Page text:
DENVER – The Cleveland Browns don’t care how it happened, they just care that it did.
The Browns somehow had slogged through for a 17-16 win, their fourth in five games.
And they had somehow kept their flickering playoff hopes alive.
It was a struggle — for both teams, but the Browns now hope for help on Sunday and point to Cincinnati in a home game on Dec. 23. The team is 4-2 with Gregg Williams as interim coach and Freddie Kitchens as offensive coordinator.
Mayfield was nowhere near as effective as he had been the previous four games, but when it mattered most he came through. After a T.J. Carrie fourth quarter interception, Mayfield hit Jarvis Landry for 12, Rashard Higgins for 16, Landry for six and then found Antonio Callaway for the touchdown that provided the winning points.
Denver would get a field goal to cut the lead to one, but Chubb broke a 40-yard run and the Browns were able to keep the ball until 1:49 remained.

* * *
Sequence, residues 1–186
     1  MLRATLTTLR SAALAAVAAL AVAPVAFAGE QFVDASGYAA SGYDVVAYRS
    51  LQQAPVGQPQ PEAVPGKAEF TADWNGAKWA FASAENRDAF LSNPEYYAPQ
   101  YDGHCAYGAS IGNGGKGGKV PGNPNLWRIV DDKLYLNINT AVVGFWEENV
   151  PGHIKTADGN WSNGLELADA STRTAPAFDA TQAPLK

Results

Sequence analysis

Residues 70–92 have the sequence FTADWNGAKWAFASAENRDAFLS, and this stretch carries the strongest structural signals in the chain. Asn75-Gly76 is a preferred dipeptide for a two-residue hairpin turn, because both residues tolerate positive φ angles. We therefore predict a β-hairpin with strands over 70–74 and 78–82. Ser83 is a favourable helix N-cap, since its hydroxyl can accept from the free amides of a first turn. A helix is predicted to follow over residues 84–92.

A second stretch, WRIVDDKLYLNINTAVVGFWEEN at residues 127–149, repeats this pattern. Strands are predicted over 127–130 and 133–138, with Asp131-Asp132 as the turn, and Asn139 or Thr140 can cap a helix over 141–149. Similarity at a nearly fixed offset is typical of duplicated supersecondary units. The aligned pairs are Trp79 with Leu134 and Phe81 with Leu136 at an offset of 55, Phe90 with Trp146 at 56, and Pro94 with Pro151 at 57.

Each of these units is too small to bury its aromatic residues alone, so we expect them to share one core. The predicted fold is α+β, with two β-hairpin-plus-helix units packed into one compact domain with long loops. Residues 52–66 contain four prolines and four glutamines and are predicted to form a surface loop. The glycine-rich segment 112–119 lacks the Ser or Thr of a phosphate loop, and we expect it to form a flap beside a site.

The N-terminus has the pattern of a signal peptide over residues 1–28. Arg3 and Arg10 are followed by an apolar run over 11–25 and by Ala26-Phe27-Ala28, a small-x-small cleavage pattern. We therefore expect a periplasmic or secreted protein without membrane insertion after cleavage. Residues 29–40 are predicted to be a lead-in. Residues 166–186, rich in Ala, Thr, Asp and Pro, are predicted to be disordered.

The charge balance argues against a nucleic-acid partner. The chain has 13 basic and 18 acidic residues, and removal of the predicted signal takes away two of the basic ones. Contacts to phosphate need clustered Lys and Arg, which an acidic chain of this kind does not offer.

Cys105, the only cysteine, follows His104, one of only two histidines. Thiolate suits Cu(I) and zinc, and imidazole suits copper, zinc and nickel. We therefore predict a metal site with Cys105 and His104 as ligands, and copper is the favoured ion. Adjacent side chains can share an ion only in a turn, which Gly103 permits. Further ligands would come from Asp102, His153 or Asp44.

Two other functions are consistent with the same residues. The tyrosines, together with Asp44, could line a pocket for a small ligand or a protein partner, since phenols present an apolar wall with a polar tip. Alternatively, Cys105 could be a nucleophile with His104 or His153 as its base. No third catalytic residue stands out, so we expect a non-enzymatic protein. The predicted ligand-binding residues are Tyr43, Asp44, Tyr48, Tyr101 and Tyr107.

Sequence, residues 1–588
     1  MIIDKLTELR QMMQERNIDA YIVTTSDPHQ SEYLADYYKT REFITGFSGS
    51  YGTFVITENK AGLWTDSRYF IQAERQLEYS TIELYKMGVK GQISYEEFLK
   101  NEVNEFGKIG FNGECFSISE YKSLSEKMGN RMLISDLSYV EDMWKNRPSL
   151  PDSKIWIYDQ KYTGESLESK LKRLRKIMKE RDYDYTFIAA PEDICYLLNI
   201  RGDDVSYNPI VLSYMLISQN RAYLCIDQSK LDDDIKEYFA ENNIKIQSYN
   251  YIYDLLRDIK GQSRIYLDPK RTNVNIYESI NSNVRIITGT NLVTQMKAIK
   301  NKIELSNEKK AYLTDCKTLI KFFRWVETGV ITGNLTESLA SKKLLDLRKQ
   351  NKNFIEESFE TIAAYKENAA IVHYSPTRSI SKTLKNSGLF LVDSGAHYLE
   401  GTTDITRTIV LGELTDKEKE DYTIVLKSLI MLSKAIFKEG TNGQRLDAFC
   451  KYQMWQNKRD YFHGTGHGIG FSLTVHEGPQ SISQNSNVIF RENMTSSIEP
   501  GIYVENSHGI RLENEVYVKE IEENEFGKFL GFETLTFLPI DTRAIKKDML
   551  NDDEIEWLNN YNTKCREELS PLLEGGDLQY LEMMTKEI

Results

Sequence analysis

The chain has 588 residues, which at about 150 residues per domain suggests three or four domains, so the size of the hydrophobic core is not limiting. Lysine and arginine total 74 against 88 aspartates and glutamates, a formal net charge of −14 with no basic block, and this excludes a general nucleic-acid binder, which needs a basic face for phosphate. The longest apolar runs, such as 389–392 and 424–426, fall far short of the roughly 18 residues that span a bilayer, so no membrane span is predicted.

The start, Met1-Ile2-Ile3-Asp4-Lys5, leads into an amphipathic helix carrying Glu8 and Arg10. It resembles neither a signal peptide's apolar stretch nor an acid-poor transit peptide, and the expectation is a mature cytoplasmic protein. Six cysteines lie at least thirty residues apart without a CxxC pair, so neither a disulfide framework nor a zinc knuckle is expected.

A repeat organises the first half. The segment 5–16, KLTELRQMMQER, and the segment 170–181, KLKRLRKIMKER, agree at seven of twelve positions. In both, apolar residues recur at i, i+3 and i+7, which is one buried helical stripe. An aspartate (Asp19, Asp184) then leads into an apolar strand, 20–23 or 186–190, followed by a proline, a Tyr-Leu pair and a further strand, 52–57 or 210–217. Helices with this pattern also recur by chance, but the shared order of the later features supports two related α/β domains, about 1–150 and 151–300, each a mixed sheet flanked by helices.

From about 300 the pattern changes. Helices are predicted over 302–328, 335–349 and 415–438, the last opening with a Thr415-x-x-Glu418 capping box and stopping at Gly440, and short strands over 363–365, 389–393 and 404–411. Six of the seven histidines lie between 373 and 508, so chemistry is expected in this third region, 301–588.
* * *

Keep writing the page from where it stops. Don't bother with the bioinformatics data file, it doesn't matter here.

Keenum got the Broncos to the 50, but a spike and two incomplete passes led to the fourth-and-10, when the Browns called blitz and Peppers came through up the middle to end the game.
Mayfield started strong, throwing a 31-yard touchdown pass to Breshad Perriman on the Browns first possession. He finished 18-for-31 for 188 yards, with two touchdowns, one interception and a lost fumble.
It wasn’t a spectacular effort.
But it was a winning effort, and a Browns team that had won four games in the 2015, 2016 and 2017 seasons combined has won four of five to keep the postseason in view. At 6-7-1, the Browns trail five seven-win teams in the standings. If the Pittsburgh Steelers, Indianapolis Colts and Tennessee Titans all win Sunday, Cleveland would be eliminated from the race. But, still, at least for Saturday night, the Browns are still alive.